Since the election, there’s been a lot of talk about the president’s tantrum over losing the election, and the Republican Party’s enabling of that tantrum. The GOP has been actively trying to disenfranchise millions of mostly Black and brown voters while undermining the very core of our democratic institutions.
“Wisdom and competence don’t have to be sacrificed for diversity when it comes to people in positions of power.” — Eugene Scott, Washington Post
Now, it’s time to look ahead to the next administration and what kind of president Joe Biden will be. Biden is going to inherit some of the biggest challenges a president has faced in decades and follows a president that has worked to dismantle many of the key functions of the federal government over the past four years. In recent weeks, we’ve started to get a glimpse of Biden’s approach. He has already released a detailed plan to combat the coronavirus pandemic, and he’s now starting to announce picks for his Cabinet. Biden has been under a lot of pressure to choose a diverse team to run his agencies and recently announced an all-female communications team. Washington Post reporter Eugene Scott discusses the deeper implications of Biden’s picks thus far.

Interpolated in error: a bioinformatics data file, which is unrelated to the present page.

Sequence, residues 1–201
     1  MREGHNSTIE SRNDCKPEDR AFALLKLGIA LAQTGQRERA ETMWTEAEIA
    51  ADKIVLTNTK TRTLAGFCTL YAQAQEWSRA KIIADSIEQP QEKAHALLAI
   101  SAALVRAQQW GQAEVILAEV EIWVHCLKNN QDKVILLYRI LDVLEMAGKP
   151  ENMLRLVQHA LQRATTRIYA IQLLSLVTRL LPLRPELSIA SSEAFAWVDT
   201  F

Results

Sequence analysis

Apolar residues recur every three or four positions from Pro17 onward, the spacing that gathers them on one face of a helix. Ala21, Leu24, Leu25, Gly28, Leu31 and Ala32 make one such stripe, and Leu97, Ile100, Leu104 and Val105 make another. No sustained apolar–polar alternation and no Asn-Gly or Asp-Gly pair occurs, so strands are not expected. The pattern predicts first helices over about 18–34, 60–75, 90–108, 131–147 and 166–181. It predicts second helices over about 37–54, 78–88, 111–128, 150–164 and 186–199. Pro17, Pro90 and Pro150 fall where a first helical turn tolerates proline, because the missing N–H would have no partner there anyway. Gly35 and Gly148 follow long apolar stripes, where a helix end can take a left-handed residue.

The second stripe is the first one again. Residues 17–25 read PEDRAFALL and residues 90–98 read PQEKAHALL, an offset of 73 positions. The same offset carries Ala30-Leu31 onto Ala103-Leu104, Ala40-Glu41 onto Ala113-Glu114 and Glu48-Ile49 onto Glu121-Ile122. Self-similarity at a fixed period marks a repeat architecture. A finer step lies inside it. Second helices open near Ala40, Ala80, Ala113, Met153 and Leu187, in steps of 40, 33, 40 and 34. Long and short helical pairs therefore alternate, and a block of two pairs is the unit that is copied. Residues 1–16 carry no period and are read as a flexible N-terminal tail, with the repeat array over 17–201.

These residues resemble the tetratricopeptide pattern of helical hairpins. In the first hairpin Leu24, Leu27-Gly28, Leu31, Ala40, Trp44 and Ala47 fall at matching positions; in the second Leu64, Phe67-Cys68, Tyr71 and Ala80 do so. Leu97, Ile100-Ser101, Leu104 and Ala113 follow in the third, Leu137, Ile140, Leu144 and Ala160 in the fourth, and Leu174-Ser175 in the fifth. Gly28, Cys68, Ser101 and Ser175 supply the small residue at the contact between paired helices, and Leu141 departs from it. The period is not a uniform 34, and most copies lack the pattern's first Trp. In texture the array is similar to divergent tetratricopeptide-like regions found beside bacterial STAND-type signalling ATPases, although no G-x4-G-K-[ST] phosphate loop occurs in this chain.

Listen: What we can learn about the future of Biden’s presidency from looking at his selection of an all-female communications team and diverse Cabinet.
Eugene Scott is a reporter covering identity politics for “The Fix” in the Washington Post, and he is also the host of “The Next Four Years,” a podcast exploring the outcome of the 2020 election and what comes next. “It’s not lost on the fact that women were one of the voting blocs that turned out overwhelmingly in support of Joe Biden and Kamala Harris,” notes Scott on the significance of Biden’s all-female communications team.
Scott also points out another notable female pick in the nomination of Janet Yellen for Treasury Secretary. “(Yellen’s) gender is significant because we know there are gaps when it comes to men and women when it comes to the economy, employment, and wealth,” says Scott. In more broadly discussing the role of diversity in the forthcoming administration, Scott notes that “critics on the right seem not to often understand that that is the argument that’s being made, that wisdom and competence don’t have to be sacrificed for diversity when it comes to people in positions of power.”